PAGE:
Why Your E-mail Still Lands In the Junk Folder

No, I’m not urging you to go over to the Dark Side. But one reason spammers get messages into the inbox while yours languish in the junk folder is because they’re truly dedicated to the task of getting through ISP filters. Meanwhile, you’re probably still using the same old tactics over and over.

Spammers constantly tweak message templates, experiment with new tactics, and track their IP addresses to uncover and evade ISP blocks. In response, ISPs also update their filter criteria and definitions, and monitor blacklists in order to identify and trap more spam.

Consequently, a benign e-mail message element that would have passed through the filters one day may be identified as a spam signature the next. Or, the number of spam complaints hitting the ISP’s threshold triggers a block. Inbox deliverability has become a constantly moving target in the tug of war between spammers and ISPs.

Marketers, on the other hand, seek the one magic trick that will solve all their deliverability problems forever. Where’s the ultimate Top Five checklist of strategies to stay out of the bulk/junk/spam folder? Trouble is, that checklist keeps changing as spammers shift to new tactics and ISPs update their filters in response.

Yes, you can employ specific strategies to improve your shot at the inbox. I’ll share those in a bit. However, each requires you to constantly monitor and update. You can’t just fix a broken program, then forget about it.

Why Marketers Get Blocked

Here’s how many good e-mail marketers go wrong: they start out by slapping together some creative, which more often than not includes some outmoded device long associated with spam, such as JavaScript or single large images with no text version.

They send it out and get OK results the first time. So they keep doing the same thing, over and over and over. Nobody’s paying any attention to the diagnostics like message-bounce logs or blacklists, or to delivery metrics. It’s also a pretty safe bet that they aren’t monitoring spam complaints on ISP feedback loops.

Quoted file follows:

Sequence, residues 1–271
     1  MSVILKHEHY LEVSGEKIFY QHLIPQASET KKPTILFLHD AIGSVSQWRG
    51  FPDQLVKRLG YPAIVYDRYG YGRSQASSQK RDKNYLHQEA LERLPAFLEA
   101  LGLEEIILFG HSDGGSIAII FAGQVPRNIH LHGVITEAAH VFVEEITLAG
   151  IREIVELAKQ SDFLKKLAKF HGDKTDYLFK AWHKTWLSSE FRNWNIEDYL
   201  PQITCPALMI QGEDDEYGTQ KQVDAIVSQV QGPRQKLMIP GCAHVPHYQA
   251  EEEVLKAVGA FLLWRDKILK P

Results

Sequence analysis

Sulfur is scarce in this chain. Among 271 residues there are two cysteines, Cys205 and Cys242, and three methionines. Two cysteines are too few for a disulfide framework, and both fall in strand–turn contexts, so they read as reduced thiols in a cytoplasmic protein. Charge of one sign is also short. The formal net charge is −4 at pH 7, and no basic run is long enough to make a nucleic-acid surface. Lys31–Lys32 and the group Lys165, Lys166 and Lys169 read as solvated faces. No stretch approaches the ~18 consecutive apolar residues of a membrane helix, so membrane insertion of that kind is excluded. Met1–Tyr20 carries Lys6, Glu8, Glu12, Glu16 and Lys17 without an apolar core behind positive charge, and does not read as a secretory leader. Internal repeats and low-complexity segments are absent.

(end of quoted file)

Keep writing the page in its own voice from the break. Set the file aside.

One day, a fresh-faced newcomer notices the e-mail program isn’t producing the way it should. So he runs a delivery report and freaks out when he sees the company’s e-mail is getting blocked by every major ISP. Is it too late to work out the kinks and move the program back to profitability? Not without some effort.

Monitor, Test, Adjust. Repeat

“Put your e-mail marketing on autopilot!” That’s how e-mail software sellers used to market list-management and marketing software. Truth is, there’s no autopilot in e-mail marketing.

Nor is there a bulletproof list of tactics that will get you into the inbox each and every time. These three long-term strategies will help improve your chances, but each requires constant vigilance.

1. Monitoring

Your e-mail list software should provide multiple delivery and status reports. But they don’t do any good if you don’t study them. Ask for them from your IT department or e-mail service provider if you don’t currently have direct access.

This is a basic set. Your ESP might have more. Check them daily, even if you don’t e-mail your lists that often:

  • Message bounce logs and delivery status reports
  • Blacklists DNS Stuff is a free clearinghouse resource that lets you type in your IP address to see if any participating blacklists have it listed. Most bulk e-mailers are on one list or another; don’t fret if you turn up on one or two, unless it’s a major one such as Spamhaus.
  • ISP feedback loops Major e-mail providers such as AOL and MSN/Hotmail will send you spam complaints for you to deal with.

2. End-to-end testing

Developing a bad e-mail reputation by ignoring spam complaints or violating ISP procedures is your fastest trip to a blacklist, but spammy content and broken or dodgy HTML code will still trip you up. Test your entire e-mail program, from opt-in/out-out to message content and design through delivery to highlight problems.

3. Adjust content, design, and coding

This is a continuous process. As soon as you fix one problem, an ISP may change its filter protocol and flag another element in your message as spam, based on what real spammers are doing. As soon as you notice one factor of your program isn’t working or is getting you into trouble, change it immediately. Consider your message creative an eternal work in progress. Tweak as you go along.

4. Repeat By this point, you should have found and corrected any major problems in your e-mail program. It’s no time to turn on autopilot. Continue to monitor, test and adjust to keep up with the rapid pace of change.

This is something you can do on your own if money’s tight just by tracking the data your own delivery reports provide, getting on ISP whitelists and feedback loops, and testing your messages in different e-mail clients. If you use an ESP, it may offer these services either as part of your package or as an add-on.

A growing number of companies now specialize in e-mail delivery and optimization. They can scrutinize your entire e-mail program and call out weaknesses ahead of delivery, analyze developments during and after delivery, and recommend improvements. The best-known include these companies or programs:

And as always, keep on deliverin’.

Meet Stefan at ClickZ Specifics E-Mail Marketing, October 24-25 in New York City.

Want more e-mail marketing information? ClickZ E-Mail Reference is an archive of all our e-mail columns, organized by topic.

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